THE papers which were lately suspended in this city profess an overpowering regard for the Government and the Union. They will not deny that the war for the maintenance of both has reached a most important crisis. They will agree that it is the duty of all good citizens who wish, as well as profess to wish, that the rebellion may be conquered forever, to make every allowance for the exercise at such a time of that supreme discretion which necessarily belongs to every Government. They will be disposed to view the acts of the Government, even when irritating and ill judged, as not leveled at the liberties of the citizen but at the crimes of rebels. They will concede that at a moment like this the publication of a forged proclamation of the President to the effect that the struggle is going disastrously against us is an offense of the gravest kind, whose tendency is to strike a fatal blow at the cause for which hundreds of thousands of our fellow citizens are fighting and falling in the field. They can not seriously plead that it is only " a hoax," nor mean soberly to excuse themselves by saying that they had left their columns without any responsible supervision. Their columns, by their own confessed negligence, have been made the vehicle of a damaging blow at the Union and Government to which they so zealously profess their devotion, and however sincerely they may deplore the order by which they were suspended, they will honorably allow that, under the circumstances, they ought to suffer some kind of penalty, and will believe that the suppression, however mistaken an act, came from patriotic zeal rather than from despotic tyranny.

Now let every candid man decide whether, granting that the suppression of those papers was ill judged, their comments upon the act show a sincere desire to forbear with the Government, or whether they are not intended to do exactly what the forged proclamation they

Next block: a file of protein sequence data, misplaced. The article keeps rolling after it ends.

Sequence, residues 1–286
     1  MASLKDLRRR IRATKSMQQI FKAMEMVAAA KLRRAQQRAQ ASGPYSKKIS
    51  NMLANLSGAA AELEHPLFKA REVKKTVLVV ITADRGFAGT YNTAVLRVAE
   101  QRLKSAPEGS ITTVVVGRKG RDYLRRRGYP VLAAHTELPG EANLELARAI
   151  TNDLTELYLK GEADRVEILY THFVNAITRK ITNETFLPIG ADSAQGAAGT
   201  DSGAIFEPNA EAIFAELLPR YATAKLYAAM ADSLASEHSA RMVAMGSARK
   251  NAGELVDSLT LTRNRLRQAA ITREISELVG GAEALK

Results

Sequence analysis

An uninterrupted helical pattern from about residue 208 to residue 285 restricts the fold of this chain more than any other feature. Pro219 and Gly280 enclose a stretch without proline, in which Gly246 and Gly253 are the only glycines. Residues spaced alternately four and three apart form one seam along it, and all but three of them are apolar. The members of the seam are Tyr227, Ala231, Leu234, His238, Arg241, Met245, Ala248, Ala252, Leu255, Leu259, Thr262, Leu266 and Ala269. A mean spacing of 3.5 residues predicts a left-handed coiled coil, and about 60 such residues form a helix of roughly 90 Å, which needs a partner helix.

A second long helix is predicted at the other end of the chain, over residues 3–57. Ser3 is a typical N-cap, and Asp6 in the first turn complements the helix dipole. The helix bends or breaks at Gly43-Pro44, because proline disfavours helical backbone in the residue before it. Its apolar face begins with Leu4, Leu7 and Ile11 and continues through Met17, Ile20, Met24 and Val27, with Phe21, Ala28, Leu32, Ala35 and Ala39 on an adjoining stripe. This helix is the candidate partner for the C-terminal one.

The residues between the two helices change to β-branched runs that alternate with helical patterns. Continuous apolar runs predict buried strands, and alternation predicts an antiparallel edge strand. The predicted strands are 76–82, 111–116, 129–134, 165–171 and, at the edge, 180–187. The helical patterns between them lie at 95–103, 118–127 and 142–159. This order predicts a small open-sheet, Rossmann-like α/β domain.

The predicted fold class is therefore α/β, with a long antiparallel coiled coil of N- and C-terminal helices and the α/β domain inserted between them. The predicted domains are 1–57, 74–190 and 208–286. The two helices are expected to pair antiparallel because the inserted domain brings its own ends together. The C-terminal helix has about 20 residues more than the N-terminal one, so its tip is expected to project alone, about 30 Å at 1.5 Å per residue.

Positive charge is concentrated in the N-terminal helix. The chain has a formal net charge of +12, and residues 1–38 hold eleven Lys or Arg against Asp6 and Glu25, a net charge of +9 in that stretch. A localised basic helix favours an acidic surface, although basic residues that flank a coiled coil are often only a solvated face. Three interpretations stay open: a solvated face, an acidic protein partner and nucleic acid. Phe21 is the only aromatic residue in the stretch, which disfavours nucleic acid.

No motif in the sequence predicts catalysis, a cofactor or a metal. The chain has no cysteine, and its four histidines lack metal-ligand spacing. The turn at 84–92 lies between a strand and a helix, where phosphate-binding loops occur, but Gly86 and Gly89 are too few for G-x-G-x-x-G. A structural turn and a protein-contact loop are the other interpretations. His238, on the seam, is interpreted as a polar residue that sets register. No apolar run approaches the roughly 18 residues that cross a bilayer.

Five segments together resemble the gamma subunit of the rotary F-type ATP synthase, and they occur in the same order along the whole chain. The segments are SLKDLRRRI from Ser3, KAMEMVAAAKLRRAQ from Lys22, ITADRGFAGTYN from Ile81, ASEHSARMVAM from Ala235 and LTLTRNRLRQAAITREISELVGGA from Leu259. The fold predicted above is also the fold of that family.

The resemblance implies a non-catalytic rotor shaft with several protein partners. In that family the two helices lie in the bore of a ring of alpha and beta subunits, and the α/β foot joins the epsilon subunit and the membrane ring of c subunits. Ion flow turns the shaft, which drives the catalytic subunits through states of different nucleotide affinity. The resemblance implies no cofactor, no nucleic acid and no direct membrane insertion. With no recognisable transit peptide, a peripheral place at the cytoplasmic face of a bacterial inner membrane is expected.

published was meant to do—namely, to perplex the Government of the United States, dishearten the loyal armies, encourage the rebels, and invite foreign interference ?

It is strange, of course, that journals which, by their own account, are so devoted to the salvation of the country, should put the worst conceivable interpretation upon every act of the Government; should stimulate opposition to the raising of soldiers by draft; should resist with an acrimony that might, except for that professed devotion, be called partisan the whole policy of the Government; very strange indeed that papers so zealously loyal in profession should constantly denounce the Government so much more fiercely than the rebellion that they are universally considered as virtual friends of the rebels. But such is the perversity of man. And there are probably people to be found at this moment, and intelligent and loyal people too, who sincerely believe that both of those journals, if they were swindled, hoped that the proclamation might begenuine ; people who think that it is not a hearty loyalty to the Government which makes them daily depict the Government as the real enemy of our liberties ; people, in fine, who believe that neither of the journals, so professedly loyal, would be very sorely grieved if the Government of the United States should be overthrown by a compromise with rebels. It is our firm faith that such people could be found. And if it were indeed so, how well might the papers in question exclaim, "Of what avail then are the loudest professions of loyalty !"